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PropTech Today: UK government backs blockchain - what next?

When Professor Andrew Baum’s PropTech 3.0 report was first published, a small event was held to celebrate the very first academic report into technology’s impact on the property industry. 

In said report, Professor Baum states that blockchain is set to have the most profound impact, compared to other technological innovations, on the world of property.

I, with my ego strapped firmly to my lapel, got up and told everyone that I disagreed with the honorable speaker to my left; “it will be at least a decade before we see blockchain have any real impact on property”, I said. Well, here we are two years later and it seems I might have been wrong...


A press release from the government, last week, announced that Her Majesty’s Land Registry (HMLR) “is exploring how blockchain technology could be used to provide quicker and simpler services” as part of the “second phase of HMLR’s groundbreaking research and development project, Digital Street”.

Digital Street was set up to “explore and visualise different ideas of how land registration might work in the future and make conveyancing simpler, faster and cheaper”. This interest in blockchain is a key part of that ongoing process which will see the government work closely with the industry to better understand how the “innovative use of blockchain, distributed ledgers and smart contracts, could revolutionise the land registration and property buy-sell process.”

Graham Farrant, chief executive of HM Land Registry, said: “Our ambition to become the world’s leading land registry for speed, ease of use and an open approach to data requires HM Land Registry to be at the forefront of global innovation in land registration.”

In order to achieve this lofty goal, HMLR is partnering with software company, Methods, which, in turn, will utilise a blockchain platform called Corda, created by R3 to “record, manage, and execute institutions’ financial agreements in perfect synchrony with their peers, creating a world of frictionless commerce”.

David Rutter, chief executive officer of R3, said: “Blockchain holds the potential to transform land registry services by improving speed, simplicity and efficiency. We will be working closely with HM Land Registry, Methods and our partners over the coming months to turn this potential into reality.”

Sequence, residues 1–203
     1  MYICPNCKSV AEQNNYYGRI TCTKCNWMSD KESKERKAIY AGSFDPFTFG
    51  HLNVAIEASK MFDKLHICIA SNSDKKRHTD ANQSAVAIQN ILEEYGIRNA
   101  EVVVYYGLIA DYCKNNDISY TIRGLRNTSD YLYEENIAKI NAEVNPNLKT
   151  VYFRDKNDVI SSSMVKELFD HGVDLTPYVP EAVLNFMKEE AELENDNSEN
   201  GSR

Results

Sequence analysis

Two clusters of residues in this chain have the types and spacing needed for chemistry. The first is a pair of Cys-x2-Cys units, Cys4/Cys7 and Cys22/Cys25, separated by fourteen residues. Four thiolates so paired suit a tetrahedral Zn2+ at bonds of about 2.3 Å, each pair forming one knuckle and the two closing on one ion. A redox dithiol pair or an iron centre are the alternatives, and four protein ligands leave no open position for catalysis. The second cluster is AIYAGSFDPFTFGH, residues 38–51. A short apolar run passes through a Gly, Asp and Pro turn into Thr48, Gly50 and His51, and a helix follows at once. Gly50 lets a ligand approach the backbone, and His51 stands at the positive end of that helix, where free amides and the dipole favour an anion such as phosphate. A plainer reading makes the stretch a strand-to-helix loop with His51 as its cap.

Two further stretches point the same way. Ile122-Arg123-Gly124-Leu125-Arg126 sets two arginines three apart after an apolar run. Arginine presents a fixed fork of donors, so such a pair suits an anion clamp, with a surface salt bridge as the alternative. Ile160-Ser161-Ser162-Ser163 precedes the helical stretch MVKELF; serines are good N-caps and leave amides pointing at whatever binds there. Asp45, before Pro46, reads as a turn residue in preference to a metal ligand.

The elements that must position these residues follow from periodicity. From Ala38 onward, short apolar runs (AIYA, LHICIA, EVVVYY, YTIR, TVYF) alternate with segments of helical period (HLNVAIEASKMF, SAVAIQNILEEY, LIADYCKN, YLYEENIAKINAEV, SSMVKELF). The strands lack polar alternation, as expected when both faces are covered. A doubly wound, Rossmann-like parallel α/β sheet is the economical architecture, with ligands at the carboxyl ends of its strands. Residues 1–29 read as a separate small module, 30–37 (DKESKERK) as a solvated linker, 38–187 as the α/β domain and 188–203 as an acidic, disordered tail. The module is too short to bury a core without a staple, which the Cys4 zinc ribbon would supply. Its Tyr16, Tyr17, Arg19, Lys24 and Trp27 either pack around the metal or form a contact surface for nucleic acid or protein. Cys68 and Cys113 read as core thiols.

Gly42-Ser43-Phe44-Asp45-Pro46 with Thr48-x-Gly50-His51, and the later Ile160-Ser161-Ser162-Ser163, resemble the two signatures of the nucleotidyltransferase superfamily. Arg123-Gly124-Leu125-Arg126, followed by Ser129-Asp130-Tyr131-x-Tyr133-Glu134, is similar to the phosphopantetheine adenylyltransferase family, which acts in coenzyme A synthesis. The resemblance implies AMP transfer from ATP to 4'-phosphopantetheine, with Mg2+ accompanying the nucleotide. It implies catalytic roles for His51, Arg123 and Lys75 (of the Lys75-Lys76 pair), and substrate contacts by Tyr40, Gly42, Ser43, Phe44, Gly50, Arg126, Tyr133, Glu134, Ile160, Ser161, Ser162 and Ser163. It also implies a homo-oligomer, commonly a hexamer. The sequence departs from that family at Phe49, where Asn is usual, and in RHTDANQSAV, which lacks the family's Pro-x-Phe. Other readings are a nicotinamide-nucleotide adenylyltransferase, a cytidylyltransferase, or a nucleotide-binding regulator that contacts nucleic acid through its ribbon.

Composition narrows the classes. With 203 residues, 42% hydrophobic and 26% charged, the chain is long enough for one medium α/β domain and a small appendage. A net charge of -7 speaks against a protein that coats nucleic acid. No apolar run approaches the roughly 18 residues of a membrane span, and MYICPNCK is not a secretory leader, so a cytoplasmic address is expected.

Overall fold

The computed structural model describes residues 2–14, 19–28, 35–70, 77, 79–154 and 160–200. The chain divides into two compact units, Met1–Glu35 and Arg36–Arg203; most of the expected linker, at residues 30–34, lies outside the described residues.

And that, to me, is the crux of this story - turning potential into reality. Just because something is theoretically possible, or even proven to be practically possible, applying it to something as vital and vast as HMLR is an entirely different feat, one which may yet take years to achieve; or at least to replace what we already have in existence entirely. 

Blockchain breaking borders

Years to achieve but, it seems, already well under way. Another press release, this time hot off the press from global PropTech company, Propy, tells us that it has completed its “first blockchain-powered transaction” in the EU property market. 

“The sale, in Seville, Spain...marks Propy’s official introduction to Europe. Both the Spanish seller and French buyer used cryptocurrency (ETH-ETH) to transfer property ownership via Propy’s transaction platform.

“The Silicon Valley-based company has already facilitated cross-border sales in the US and
Eastern Europe...this transaction marks an important milestone and a first step into entering other European markets, including the UK.”

Natalia Karayaneva, chief executive officer of Propy, said: “Blockchain technology continues to revolutionize the way people buy and sell properties across borders. The EU market can be a complex web of governments, brokers, and other entities making international property transactions difficult. Propy’s blockchain-enabled platform removes complexity resulting in a simple online transaction that is easy to complete and secure.”

The most exciting words here are ‘across borders’: in this case we have a person in France buying property in Spain. I can speak from experience and say that the process of cross-border property transactions is historically, to borrow one of Angela Merkel’s favourite terms, a sh*tstorm. Long, drawn-out, complex, convoluted, meandering, expensive, frustrating, and, it now seems, totally unnecessary.